Report: US military pushing for new Pakistan raids
Tuesday, December 21, 2010
WASHINGTON (AP) — American commanders in Afghanistan are pushing to expand special operations raids into tribal areas of Pakistan where Islamist militants are known to find refuge, according to a newspaper report.
Citing unnamed American officials in Washington, The New York Times reported on its website late Monday that U.S. military commanders believe special operations forces could capture militants for interrogation, bringing in an intelligence windfall.
American forces have made rare forays into Pakistan from Afghanistan, but the newspaper said the expanded raids now under consideration would be more routine.
The plan would likely have to be approved by President Barack Obama. It could well trigger a backlash in Pakistan, where the subject of American military incursions is politically volatile.
The U.S. has mainly relied on unmanned drones to pursue al-Qaida militants based in Pakistan. A decision to deploy special operations teams would signal frustration with Pakistan’s efforts to root out militants using its territory as a base to support the Taliban and other extremists.
In response to the newspaper report, Pakistan’s ambassador to the U.S., Husain Haqqani, said, “Pakistani forces are capable of handling the militant threat within our borders and no foreign forces are allowed or required to operate inside our sovereign territory. We work with our allies, especially the U.S., and appreciate their material support but we will not accept foreign troops on our soil — a position that is well known.”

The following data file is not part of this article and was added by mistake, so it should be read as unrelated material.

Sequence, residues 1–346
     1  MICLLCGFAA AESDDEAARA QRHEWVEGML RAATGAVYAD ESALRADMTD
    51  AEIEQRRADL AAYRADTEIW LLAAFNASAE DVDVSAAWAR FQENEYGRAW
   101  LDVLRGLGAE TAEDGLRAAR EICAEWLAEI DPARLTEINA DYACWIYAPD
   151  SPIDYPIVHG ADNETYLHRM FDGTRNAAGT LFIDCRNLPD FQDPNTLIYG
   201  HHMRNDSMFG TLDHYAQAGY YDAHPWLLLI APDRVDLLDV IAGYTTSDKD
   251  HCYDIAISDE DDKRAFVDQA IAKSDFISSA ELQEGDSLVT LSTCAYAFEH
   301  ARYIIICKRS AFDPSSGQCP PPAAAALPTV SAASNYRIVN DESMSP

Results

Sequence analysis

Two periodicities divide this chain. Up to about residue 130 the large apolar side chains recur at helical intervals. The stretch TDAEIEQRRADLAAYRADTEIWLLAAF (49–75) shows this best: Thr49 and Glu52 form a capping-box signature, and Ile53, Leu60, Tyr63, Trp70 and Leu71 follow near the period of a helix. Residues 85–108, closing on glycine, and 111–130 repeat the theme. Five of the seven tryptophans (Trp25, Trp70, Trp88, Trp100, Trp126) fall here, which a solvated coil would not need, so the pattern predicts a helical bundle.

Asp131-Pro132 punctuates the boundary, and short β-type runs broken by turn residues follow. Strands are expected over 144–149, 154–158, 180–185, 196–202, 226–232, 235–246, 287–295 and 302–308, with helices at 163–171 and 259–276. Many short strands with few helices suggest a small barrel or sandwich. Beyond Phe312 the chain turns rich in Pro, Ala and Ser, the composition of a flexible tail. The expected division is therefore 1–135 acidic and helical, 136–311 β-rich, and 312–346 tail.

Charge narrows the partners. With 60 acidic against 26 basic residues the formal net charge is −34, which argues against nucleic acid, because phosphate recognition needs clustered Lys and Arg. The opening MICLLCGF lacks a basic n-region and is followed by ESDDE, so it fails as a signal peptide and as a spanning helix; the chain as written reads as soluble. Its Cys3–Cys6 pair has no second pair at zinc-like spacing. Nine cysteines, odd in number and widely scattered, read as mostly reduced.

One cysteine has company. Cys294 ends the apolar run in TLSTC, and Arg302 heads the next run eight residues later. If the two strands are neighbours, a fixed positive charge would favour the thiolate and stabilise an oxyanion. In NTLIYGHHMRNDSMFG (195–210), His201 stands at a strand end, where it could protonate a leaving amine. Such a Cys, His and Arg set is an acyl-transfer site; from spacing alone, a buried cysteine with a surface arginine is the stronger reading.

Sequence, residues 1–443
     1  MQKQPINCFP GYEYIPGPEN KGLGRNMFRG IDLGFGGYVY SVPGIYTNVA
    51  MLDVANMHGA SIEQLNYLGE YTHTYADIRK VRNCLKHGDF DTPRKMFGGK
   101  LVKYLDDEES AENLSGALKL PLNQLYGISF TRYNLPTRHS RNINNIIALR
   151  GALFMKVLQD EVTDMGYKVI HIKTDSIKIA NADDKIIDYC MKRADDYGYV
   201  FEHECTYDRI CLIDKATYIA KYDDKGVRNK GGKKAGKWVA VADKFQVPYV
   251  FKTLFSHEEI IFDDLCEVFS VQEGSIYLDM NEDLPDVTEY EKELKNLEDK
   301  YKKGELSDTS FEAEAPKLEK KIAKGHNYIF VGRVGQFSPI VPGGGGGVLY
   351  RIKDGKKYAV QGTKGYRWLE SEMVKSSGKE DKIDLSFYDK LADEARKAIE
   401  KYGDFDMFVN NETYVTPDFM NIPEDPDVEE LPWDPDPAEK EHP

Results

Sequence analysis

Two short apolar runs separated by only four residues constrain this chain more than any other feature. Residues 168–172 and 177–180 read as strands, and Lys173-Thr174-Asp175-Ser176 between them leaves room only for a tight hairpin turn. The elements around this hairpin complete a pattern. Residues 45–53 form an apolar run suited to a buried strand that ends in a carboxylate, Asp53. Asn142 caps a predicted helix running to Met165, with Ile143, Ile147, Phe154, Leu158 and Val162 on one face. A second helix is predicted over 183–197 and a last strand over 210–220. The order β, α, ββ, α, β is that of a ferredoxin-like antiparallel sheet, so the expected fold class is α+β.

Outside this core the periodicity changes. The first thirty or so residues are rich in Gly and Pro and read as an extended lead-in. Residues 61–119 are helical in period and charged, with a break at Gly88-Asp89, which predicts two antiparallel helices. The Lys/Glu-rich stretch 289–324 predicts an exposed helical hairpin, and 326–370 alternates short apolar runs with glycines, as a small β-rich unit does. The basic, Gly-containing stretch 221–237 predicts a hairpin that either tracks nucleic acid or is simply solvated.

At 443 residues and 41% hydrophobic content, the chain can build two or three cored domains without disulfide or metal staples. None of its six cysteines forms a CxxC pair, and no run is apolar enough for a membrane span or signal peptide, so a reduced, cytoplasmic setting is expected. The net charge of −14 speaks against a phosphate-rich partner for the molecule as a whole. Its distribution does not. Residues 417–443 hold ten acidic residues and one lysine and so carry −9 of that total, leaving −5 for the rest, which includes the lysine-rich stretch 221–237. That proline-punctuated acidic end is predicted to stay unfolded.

He noted that Adm. Mike Mullen, chairman of the Joint Chiefs of Staff, had visited Pakistan recently and had “acknowledged Pakistan’s contribution. Nothing discussed during his trip indicates the likelihood of ill-advised escalation or unilateral action by NATO troops beyond their mandate in Afghanistan.”
The nine-year-old war in Afghanistan has grown increasingly unpopular in public opinion polls as it drags on with no apparent exit strategy. Using special operations forces could increase pressure on the militants, or it could create new problems for Washington.
The newspaper said that Afghan militias backed by the CIA have in recent years carried out a number of secret missions into Pakistan. The operations had previously been described as limited to intelligence-gathering. But the report said that recent interviews had revealed that in at least one instance, the Afghans attacked and destroyed a militant weapons cache.
Officials who described the proposal for raids and the intelligence operations to the newspaper declined to be identified by name because they were discussing classified information, the report said.